Tower to the People

23
Many Tower District neighbors oppose the sale of the Tower Theatre to a conservative church. Photo by Peter Maiden

By Stephen Malm

For the past several weeks, casual Sunday visitors to the Tower District have been met by an animated scene of demonstrators at the corner of Wishon and Olive avenues. Signs of “Keep the Tower Queer,” “The Tower is for Arts and Music” and “No to Re-zoning” are typical of the many held by young and old, gay and straight, and people of all hues and persuasions.

Most feel that the proposed sale of the Tower Theatre to the conservative Adventure Church will impair the open and colorful nature of the district, lessening its attraction and affecting other businesses economically. In addition, for many members of the community, their very culture is at stake. Preserving the present welcoming orientation to this openly gay community is an important issue.

Jaguar Bennett’s day job is as a marketing director, but at night he is a frequent comic performer in the Tower. Bennett’s point of view represents that of many in the Tower. He is emphatic that those resisting the purchase by the Adventure Church are not against the church itself but rather the change in zoning that must accompany the sale. Such a change in favor of the church might impact the sale of alcohol or the artistic expression of performances.

Countering what he sees as a potentially lengthy process, Bennett says, “The issue is not going away, and we’re not going away.”

The theater’s present owner, Laurence Abbate, has already been fined by the city manager, who has informed him that the church’s assembly is improper under current zoning limitations.

Importantly, however, as of the March hearing on Sequoia Brewery’s temporary order restraining escrow, Judge Rosemary McGuire has ruled the sale can go forward. In legal jargon, Sequoia has been given adequate notice and its “first right of refusal” has been satisfied.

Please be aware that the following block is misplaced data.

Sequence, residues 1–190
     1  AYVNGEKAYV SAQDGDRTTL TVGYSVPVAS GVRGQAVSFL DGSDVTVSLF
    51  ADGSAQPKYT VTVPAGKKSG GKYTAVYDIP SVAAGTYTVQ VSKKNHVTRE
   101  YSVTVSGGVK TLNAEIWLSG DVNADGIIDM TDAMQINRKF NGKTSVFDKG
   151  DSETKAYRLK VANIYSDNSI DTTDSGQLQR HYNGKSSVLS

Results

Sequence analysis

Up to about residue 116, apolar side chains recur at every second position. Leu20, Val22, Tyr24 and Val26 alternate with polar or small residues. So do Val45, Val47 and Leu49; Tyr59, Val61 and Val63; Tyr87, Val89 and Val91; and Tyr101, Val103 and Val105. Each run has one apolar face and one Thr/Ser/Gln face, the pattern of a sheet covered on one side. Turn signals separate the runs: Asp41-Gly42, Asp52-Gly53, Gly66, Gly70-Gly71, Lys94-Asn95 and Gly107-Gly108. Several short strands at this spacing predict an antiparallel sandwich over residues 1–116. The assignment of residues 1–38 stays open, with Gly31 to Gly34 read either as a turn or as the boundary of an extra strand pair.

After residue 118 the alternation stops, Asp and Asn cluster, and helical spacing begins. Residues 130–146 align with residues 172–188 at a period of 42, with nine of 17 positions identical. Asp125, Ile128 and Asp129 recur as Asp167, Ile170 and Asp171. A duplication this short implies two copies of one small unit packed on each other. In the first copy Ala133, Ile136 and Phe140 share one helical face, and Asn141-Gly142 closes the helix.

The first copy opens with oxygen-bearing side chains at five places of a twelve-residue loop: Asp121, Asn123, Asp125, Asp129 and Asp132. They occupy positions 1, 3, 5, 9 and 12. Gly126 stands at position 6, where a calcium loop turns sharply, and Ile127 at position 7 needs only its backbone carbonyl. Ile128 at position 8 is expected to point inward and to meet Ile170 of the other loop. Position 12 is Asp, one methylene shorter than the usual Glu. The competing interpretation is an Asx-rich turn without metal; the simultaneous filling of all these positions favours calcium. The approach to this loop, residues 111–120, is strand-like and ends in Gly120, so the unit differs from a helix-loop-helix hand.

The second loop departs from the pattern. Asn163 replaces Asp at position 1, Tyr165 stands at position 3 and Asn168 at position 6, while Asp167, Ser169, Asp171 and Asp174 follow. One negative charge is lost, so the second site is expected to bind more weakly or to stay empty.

In light of Judge McGuire’s ruling, the Save the Tower Theatre Demonstration Committee will return to the fight to preserve the existing zoning of the Tower Theatre.

“We may not be able to stop the sale, but citizens have a right to be heard about land use in their neighborhood,” says Bennett. “A zoning change will have to pass several community review boards before going to the City Council, and we intend to organize business owners and residents to voice their opposition every step of the way.”

As such, the Tower community awaits anxiously any measures that would forestall the sale. It awaits another Sunday where its point of view and concerns will be displayed across the street from the Tower Theatre, believing the purchase by a conservative church would impose unwanted restrictions on its image and lifestyle.

It appears that as this issue unfolds, so will the signs against it.

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Stephen D. Malm is an attorney and an officer of the Central Valley Progressive PAC.